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In some households (naming no names), ridding the home of chametz, foods prohibited during Passover, is an eagerly awaited tradition. As one woman admits, “We see it as license to eat all those treats, donuts and cookies and cake, that we feel so guilty about the rest of the year!”

Of course, those foods can be given or sold to a non-Jew, but where would be the fun in that? There are the killjoys who insist that be done, but like with so much in Jewish tradition, there’s an “On the other hand…”

What comes next can be hard work, cleaning every corner and crevice to make sure not a crumb remains. It can be fun too, if children are lured into seeing it as a challenge. In some homes, they tap their inner shtetl-selves to do the job, with a candle to light the way, a feather to sweep with, and a wooden spoon to scoop the chametz.

The spoon can also be used to start this next part, burning whatever is gathered. Some sages say it can be crumbled and tossed to the wind or into a river or ocean, or for the more prosaic or limited in movement, into a toilet. But for most of us, fire has symbolism flushing just can’t match.

As long as all that forbidden stuff is gone before the fifth hour of the morning before Pesach begins, all should be good. Here again, there is an infinite supply of details to worry about, and all sorts of ways to slip up.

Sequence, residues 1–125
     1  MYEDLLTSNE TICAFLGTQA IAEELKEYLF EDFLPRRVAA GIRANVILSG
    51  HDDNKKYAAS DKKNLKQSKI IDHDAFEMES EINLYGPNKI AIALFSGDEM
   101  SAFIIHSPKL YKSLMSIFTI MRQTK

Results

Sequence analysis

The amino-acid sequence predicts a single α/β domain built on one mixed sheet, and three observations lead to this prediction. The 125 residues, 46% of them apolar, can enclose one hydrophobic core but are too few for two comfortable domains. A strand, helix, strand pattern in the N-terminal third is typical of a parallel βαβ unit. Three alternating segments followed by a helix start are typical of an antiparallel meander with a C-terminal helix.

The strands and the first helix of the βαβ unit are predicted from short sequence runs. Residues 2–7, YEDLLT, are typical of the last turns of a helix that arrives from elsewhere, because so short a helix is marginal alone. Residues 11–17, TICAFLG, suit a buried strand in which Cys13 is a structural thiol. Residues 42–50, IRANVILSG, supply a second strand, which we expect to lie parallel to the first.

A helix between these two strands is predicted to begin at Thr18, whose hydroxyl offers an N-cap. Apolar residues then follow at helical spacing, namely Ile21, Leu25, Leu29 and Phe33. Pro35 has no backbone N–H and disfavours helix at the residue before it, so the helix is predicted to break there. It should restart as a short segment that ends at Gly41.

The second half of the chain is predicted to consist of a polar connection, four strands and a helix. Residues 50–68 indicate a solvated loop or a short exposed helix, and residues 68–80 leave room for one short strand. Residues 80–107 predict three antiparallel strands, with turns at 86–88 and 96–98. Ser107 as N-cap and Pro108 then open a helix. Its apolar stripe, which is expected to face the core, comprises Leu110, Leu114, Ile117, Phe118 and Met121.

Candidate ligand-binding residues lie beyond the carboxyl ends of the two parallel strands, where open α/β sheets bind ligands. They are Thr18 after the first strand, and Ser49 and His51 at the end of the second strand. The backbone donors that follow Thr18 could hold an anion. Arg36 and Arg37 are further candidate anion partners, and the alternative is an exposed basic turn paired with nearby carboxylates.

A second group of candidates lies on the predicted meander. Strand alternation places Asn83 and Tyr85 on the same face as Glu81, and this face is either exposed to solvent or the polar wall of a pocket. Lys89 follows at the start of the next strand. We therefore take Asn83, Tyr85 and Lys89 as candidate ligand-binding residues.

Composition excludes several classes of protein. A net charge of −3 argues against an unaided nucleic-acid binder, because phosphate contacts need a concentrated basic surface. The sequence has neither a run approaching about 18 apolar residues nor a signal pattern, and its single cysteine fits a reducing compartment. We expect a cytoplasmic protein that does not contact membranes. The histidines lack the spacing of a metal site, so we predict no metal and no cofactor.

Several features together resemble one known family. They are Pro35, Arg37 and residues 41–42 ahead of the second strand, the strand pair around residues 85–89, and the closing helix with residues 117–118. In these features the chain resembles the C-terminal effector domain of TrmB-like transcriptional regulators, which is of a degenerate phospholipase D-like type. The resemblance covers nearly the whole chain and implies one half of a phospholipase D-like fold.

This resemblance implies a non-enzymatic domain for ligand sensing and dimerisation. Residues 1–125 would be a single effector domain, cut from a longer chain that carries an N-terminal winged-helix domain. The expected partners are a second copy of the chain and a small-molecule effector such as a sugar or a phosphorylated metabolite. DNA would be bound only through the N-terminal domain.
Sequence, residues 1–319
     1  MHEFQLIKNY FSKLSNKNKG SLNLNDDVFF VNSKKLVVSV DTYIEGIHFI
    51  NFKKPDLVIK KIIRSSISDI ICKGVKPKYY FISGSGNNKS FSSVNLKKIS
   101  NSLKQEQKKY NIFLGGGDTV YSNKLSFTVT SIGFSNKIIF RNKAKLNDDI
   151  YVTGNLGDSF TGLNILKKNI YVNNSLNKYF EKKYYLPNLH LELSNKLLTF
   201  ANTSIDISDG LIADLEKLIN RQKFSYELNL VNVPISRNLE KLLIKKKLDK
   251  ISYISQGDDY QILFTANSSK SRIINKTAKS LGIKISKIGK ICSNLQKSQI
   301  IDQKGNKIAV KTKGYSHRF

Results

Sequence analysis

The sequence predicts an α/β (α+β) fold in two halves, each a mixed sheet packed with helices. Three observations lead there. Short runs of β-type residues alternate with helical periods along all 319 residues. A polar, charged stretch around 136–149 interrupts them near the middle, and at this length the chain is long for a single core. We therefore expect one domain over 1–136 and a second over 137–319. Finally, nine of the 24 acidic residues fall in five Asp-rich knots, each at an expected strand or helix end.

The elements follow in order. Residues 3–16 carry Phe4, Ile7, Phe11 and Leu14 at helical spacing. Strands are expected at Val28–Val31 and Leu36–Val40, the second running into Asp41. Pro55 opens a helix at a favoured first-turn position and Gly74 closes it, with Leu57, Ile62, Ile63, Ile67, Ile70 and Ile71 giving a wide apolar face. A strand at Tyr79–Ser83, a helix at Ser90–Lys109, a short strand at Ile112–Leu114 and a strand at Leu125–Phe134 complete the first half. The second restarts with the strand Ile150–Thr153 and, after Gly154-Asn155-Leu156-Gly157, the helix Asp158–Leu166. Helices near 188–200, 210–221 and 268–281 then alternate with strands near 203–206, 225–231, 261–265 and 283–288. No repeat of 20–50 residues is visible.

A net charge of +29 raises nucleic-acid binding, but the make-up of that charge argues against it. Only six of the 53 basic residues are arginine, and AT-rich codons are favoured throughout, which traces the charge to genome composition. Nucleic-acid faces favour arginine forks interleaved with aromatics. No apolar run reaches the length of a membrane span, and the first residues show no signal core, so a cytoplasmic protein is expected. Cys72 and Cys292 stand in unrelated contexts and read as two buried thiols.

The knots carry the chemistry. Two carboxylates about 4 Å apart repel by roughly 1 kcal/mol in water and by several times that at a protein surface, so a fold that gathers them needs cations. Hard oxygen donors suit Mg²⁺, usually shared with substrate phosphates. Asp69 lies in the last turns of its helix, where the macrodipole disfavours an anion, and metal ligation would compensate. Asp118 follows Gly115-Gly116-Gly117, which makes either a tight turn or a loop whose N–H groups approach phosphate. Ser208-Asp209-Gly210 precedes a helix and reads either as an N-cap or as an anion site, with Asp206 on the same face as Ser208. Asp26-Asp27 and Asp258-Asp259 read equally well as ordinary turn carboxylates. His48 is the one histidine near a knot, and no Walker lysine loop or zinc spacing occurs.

For example:

  • Were you planning to use the garbage into which chametz was tossed in the preceding days?
  • Or was the fire that burned the chametz started with wood, not coal or paper or gas, as some recommend, and were the offending fragments sufficiently charred that not even a rat could nibble on them?
  • Were any other products, like deodorant or shaving lotion, retained, that might contain denatured ethyl alcohol?

Fortunately, in their wisdom, the sages provided an “out” to save those who might become obsessively anxious about getting it 100% right. In fact, this approach is recommended. Under carefully prescribed conditions, a contract can be made with a non-Jew to take ownership of whatever chametz remain’s in one’s possession. Alternatively, such an agreement can be made empowering a rabbi to make such a deal on one’s behalf. And these days, of course, it can be done online. offers a contract that begins this way:

“I, the undersigned, fully empower and permit the Rabbi of this website to act in my place and stead, and on my behalf to sell all Chametz possessed by me, knowingly or unknowingly as defined by the Torah and Rabbinic Law (e.g. Chametz, possible Chametz, and all kinds of Chametz mixtures).

It ends with the words: “This power is in conformity with all Torah, Rabbinic and Civil laws.”

Our own Wilf Campus Rabbi can also help you with a contract to sell your Chamatz or your local synagogue Rabbi, its customary to give a donation for there efforts.

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